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SIDE EVENT AT UN GENEVA — APRIL 23 2024 — Laudate Deum: Apostolic Exhortation to all people of good will on the climate crisis: H.E. ARCHBISHOP ETTORE BALESTRERO’s Intervention

SIDE EVENT AT UN GENEVA — APRIL 23 2024 — Laudate Deum: Apostolic Exhortation to all people of good will on the climate crisis: H.E. ARCHBISHOP ETTORE BALESTRERO’s Intervention

H.E. ARCHBISHOP ETTORE BALESTRERO

PROFESSOR JAIME TATAY (COMILLAS PONTIFICAL UNIVERSITY OF MADRID)

Vidéo sous-titrée en français

Vidéo sous-titrée en français

 

Colloquium, entitled “Laudate Deum: Apostolic Exhortation to all people of goodwill on the climate crisis and the outcomes of COP28

 

Below is the inter­ven­tion of Pro­fes­sor Tatay:

 

Ladies and Gentlemen,

Today, we came here to dis­cuss a press­ing issue that affects us all, espe­cial­ly the poor­est among the poor: food security. 

Almost 10 years ago, Pope Fran­cis’s encycli­cal, “Lauda­to Si’,” empha­sized the impor­tance of car­ing for our com­mon home and rec­og­niz­ing the inter­con­nect­ed­ness of all liv­ing beings.

In address­ing the cli­mate, bio­di­ver­si­ty, and pol­lu­tion crises, we must keep in mind the needs of the most vul­ner­a­ble com­mu­ni­ties and work towards envi­ron­men­tal pro­tec­tion, eco­nom­ic sta­bil­i­ty, social jus­tice, and human well-being.

The impacts of cli­mate change on our food sys­tems are becom­ing increas­ing­ly obvi­ous, and it is cru­cial that we take imme­di­ate action to mit­i­gate these effects.

As Pope Fran­cis affirmed in his recent Apos­tolic Exhor­ta­tion, “Lau­date Deum” (an update of his envi­ron­men­tal encycli­cal Lauda­to si), there is an urgent need to rec­og­nize the inter­con­nect­ed­ness of all liv­ing beings. We are all respon­si­ble for the well-being of our plan­et, and we must act with urgency to pro­tect it.

The glob­al food sys­tem is respon­si­ble for about a third of green­house gas emis­sions, mak­ing it the sec­ond-largest con­trib­u­tor to cli­mate change after the ener­gy sector.

At the same time, cli­mate change is caus­ing food inse­cu­ri­ty to rise, with an esti­mat­ed 345 mil­lion peo­ple affect­ed in 82 coun­tries in 2022. 

This is a cri­sis that affects us all, but dis­pro­por­tion­ate­ly impacts those in Sub-Saha­ran Africa, South and South­east Asia, and Latin Amer­i­ca where farm­ing fam­i­lies are often poor and vulnerable.

To address this cri­sis, we must take a coor­di­nat­ed approach to joint­ly address issues of food secu­ri­ty and ener­gy secu­ri­ty. We must devel­op strate­gies for food pro­duc­tion and access that include invest­ment in agri­cul­tur­al infra­struc­ture, diver­si­fi­ca­tion of crops and food sources, food stor­age sys­tems designed for long-term preser­va­tion, and train­ing for local farm­ers on sus­tain­able agri­cul­ture techniques.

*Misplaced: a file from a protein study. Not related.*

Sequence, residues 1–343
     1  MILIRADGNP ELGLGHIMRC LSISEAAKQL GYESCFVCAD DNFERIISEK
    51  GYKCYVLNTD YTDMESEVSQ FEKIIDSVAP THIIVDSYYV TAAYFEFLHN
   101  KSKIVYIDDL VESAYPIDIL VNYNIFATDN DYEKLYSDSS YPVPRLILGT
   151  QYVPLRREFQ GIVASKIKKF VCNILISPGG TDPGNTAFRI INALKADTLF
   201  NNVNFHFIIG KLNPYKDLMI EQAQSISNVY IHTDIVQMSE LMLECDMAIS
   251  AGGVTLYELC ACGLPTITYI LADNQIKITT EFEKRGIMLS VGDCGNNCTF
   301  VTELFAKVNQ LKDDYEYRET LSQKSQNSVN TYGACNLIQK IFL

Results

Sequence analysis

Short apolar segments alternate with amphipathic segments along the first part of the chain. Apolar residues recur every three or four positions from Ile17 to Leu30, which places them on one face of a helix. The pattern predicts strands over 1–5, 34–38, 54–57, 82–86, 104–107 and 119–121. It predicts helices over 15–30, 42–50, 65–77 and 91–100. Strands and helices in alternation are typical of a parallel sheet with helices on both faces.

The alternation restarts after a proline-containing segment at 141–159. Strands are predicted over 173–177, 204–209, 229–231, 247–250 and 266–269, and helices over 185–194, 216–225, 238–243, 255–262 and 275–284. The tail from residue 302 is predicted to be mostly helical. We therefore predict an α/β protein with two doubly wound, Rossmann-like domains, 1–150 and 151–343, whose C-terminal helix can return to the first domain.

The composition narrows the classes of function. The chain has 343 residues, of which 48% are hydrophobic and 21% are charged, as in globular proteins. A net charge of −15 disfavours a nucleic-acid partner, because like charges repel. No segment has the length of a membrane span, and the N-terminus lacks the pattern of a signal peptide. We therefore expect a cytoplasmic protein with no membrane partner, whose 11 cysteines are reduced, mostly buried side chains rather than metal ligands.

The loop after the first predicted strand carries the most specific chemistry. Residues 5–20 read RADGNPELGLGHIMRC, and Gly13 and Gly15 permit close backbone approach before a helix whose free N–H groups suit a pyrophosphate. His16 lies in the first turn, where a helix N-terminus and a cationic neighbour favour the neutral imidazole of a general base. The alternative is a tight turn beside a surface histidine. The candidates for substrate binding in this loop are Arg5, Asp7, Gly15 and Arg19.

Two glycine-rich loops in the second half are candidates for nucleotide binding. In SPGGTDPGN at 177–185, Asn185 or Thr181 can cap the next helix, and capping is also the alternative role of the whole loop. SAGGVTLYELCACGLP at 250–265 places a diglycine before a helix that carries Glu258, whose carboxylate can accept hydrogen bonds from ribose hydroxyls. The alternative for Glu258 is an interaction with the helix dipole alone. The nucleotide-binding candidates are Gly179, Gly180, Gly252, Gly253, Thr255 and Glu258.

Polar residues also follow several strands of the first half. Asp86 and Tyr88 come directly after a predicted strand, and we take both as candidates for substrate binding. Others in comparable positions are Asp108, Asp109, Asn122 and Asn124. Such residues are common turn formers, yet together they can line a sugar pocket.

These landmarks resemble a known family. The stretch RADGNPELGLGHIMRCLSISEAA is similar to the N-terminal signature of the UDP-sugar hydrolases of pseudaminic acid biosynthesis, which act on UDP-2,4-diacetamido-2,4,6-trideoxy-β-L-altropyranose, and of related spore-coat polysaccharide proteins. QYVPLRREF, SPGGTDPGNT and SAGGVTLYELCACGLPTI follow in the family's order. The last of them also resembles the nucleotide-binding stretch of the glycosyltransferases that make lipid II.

We must also sup­port small­hold­er farm­ers with access to cred­it and oth­er ser­vices to pro­mote eco­nom­ic empow­er­ment. By increas­ing organ­ic car­bon in soil, we can increase water reten­tion in soil, increas­ing resilience to drought. We must pro­mote edu­ca­tion on food preser­va­tion tech­niques such as refrig­er­a­tion, dehy­dra­tion, and oth­er meth­ods to reduce food loss and waste.

At an indi­vid­ual lev­el, as all world reli­gions encour­age, we need to become con­scious con­sumers and under­stand the impact our pur­chas­es have, direct­ly or indi­rect­ly, on our society. 

The COP28 Dec­la­ra­tion on Food and Agri­cul­ture rec­og­nizes the impor­tance of inte­grat­ing agri­cul­ture and food sys­tems into cli­mate action and main­stream­ing cli­mate action across pol­i­cy agen­das and actions relat­ed to agri­cul­ture and food systems.

We must scale-up adap­ta­tion and resilience activ­i­ties and respons­es in order to reduce the vul­ner­a­bil­i­ty of all farm­ers, fish­er­men, and oth­er food pro­duc­ers to the impacts of cli­mate change.

We must also pro­mote food secu­ri­ty and nutri­tion by increas­ing efforts to sup­port vul­ner­a­ble peo­ple through approach­es such as social pro­tec­tion sys­tems and safe­ty nets, school feed­ing and pub­lic pro­cure­ment pro­grams, tar­get­ed research and inno­va­tion, and focus­ing on the spe­cif­ic needs of women, chil­dren and youth, Indige­nous Peo­ples, small­hold­ers, fam­i­ly farm­ers, local com­mu­ni­ties and per­sons with disabilities.

We have recent­ly wit­nessed across Europe the prob­lems fac­ing those who want to make a decent liv­ing as food pro­duc­ers. We can­not for­get to sup­port work­ers in agri­cul­ture and food sys­tems, whose liveli­hoods are threat­ened by cli­mate change, to main­tain inclu­sive, decent work, through inno­v­a­tive approach­es which include increas­ing, adapt­ing and diver­si­fy­ing incomes.

In con­clu­sion, the impacts of cli­mate change on our food sys­tems are becom­ing increas­ing­ly appar­ent, and it is cru­cial that we take imme­di­ate action to mit­i­gate these effects. 

By work­ing togeth­er, inter­na­tion­al orga­ni­za­tions, gov­ern­ment, CSOs, and FBOs, we can ensure a future where food avail­abil­i­ty is not threat­ened by a chang­ing cli­mate. Reli­gious com­mu­ni­ties can play a role in pro­mot­ing dia­logue and using their influ­ence at all lev­els to pro­mote jus­tice and reconciliation.

Let us all do our part to pro­tect our plan­et and ensure food secu­ri­ty for all.

Thank you

Jaime Tatay, SJ, PhD

Comil­las Pon­tif­i­cal University

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